Horowitz, Leonard M.
Leonard M. Horowitz is an emeritus professor of Psychology at Stanford University. In the course of his long and diverse career, Horowitz originally studied verbal learning and memory before making major contributions to the field of interpersonal assessment as well as the analysis of social and motivational foundations of psychopathology.
Educational Background and Professional Appointments
Horowitz received his education from Johns Hopkins University in Baltimore, where he earned his B.A. and M.A. in 1957 and his Ph.D. in Psychology in 1960. During his doctoral training, Horowitz was supported by several prestigious fellowships, including a Woodrow Wilson Fellowship, a Social Science Research Council Fellowship, and a Fulbright Fellowship completed at University College, London. Upon receiving his doctorate in 1960, Horowitz joined the faculty of Stanford University in Palo Alto, California, where he remained throughout his career.
Until the early 1970s, Horowitz’s...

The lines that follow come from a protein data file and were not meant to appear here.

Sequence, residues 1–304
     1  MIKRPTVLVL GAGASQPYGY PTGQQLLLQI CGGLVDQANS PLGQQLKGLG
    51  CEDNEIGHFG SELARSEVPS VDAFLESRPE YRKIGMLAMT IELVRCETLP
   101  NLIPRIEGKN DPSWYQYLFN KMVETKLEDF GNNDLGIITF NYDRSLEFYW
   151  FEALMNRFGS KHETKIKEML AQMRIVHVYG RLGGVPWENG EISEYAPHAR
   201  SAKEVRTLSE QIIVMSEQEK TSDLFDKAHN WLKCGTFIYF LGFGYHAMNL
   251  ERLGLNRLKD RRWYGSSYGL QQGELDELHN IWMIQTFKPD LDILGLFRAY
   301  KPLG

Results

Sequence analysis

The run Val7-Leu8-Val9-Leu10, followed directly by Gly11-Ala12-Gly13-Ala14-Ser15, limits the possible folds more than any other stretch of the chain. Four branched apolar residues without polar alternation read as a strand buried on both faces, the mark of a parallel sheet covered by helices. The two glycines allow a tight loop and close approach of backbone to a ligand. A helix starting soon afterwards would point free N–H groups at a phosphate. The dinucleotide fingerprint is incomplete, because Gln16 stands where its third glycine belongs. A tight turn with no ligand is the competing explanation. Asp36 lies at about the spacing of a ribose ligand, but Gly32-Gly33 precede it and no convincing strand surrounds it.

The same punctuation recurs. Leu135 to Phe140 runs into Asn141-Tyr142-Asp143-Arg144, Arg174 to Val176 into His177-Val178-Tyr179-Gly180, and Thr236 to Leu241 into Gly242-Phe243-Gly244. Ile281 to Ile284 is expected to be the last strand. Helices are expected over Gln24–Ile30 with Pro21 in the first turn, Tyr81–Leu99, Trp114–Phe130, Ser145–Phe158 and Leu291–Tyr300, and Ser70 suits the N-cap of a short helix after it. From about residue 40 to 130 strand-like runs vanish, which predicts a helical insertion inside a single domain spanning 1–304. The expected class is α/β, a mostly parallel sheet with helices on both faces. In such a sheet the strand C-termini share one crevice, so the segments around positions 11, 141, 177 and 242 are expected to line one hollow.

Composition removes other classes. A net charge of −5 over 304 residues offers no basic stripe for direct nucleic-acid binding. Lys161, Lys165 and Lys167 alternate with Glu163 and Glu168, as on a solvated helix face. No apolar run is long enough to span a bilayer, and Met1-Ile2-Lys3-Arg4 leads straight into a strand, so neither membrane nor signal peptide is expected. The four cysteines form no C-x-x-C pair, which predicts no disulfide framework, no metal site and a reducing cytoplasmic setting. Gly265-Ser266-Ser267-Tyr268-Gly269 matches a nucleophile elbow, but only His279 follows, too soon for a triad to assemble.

- Horowitz, L. M., & Strack, S. S. (Eds.). (2010). Handbook of interpersonal psychology: Theory, research, assessment and therapeutic interventions. New York: Wiley.Google Scholar
- Horowitz, L. M., Alden, L., Wiggins, J. W., & Pincus, A. (2000). IIP: The inventory of interpersonal problems. San Antonio: The Psychological Corporation.Google Scholar
- Leary, T. (1957). Interpersonal diagnosis of personality. New York: Ronald Press.Google Scholar
- Rosch, E. (1978). Principles of categorization. In E. Rosch & B. B. Lloyd (Eds.), Cognition and categorization (pp. 27–48). Hillsdale: Erlbaum.Google Scholar
- Wiggins, J. S. (1991). Agency and communion as conceptual coordinates for the understanding and measurement of interpersonal behavior. In W. M. Grove & D. Cicchetti (Eds.), Thinking clearly about psychology: Vol. 1. Personality and psychopathology (pp. 89–113). Minneapolis: University of Minnesota Press.Google Scholar